ALBUQUERQUE, N.M. (AP) — With so many threats to peace and stability around the globe, the new leader of the United States' largest federal laboratory said Wednesday that it's critical the nation find ways to stay ahead when it comes to what he described as a “race for innovation.”
James Peery took the helm at Sandia National Laboratories at the start of the year, becoming the 16th director to oversee the lab in its 70-year history. With a multibillion-dollar budget and campuses in New Mexico and California, Sandia focuses on national security work that spans everything from ensuring the safety of the U.S. nuclear arsenal to development of reliable energy sources, nanotechnology and biomedical research.
One of Peery's passions has been finding ways to accelerate innovation, and he said that focus will continue during his tenure.
“As the world becomes more increasingly complex, and national and global security continue to be tested, I'm committed to Sandia Labs' pursuits of peace through innovative science, engineering and technology,” he said, adding that advanced science and visionary research can “change the world.”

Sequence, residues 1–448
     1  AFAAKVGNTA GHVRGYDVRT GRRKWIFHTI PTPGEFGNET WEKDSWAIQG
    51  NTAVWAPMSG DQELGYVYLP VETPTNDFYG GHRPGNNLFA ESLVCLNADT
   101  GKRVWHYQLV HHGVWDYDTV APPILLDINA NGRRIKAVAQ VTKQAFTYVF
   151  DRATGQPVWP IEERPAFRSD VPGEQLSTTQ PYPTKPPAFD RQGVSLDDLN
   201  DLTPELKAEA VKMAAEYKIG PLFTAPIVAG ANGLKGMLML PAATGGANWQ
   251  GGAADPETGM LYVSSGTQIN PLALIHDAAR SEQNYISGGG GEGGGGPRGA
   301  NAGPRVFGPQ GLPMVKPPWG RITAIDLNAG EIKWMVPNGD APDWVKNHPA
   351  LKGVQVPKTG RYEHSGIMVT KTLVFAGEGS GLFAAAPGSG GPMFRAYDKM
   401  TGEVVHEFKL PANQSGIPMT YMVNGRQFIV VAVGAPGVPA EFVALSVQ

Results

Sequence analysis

Aside from potential military conflicts, Peery said the world also faces a growing threat of natural and man-made disasters and that the lab's scientists and researchers have a role in preparing for and responding to those problems.
Sandia has about 14,000 workers, most based in New Mexico. It recently filled 1,100 new jobs, and lab officials expect some growth over the next year, but Peery said Sandia's challenge now is that it's running out of room to expand.
The lab already leases space throughout Albuquerque ,and officials said they have discussed the value of expanding its campus, which sits at the southern edge of the city and is bordered by Kirtland Air Force Base.
“We're hitting it on every facet to try to explore what we should do, and we're trying to just make sure it fits the needs of our customers,” said Scott Aeilts, an associate director at Sandia.
Lab officials on Wednesday also touted Sandia's economic impact in New Mexico. For the last fiscal year, the lab contributed an all-time high of nearly $3.7 billion to the economy by spending on goods, services, payroll, taxes and other payments.
Aeilts said the goal is to keep growing that number by reaching out to more small businesses. That will include a new effort to work with businesses in southern New Mexico, where lab officials have identified some untapped opportunities.
“We're going to need that going forward,” he said. “There are businesses down there that can help us.”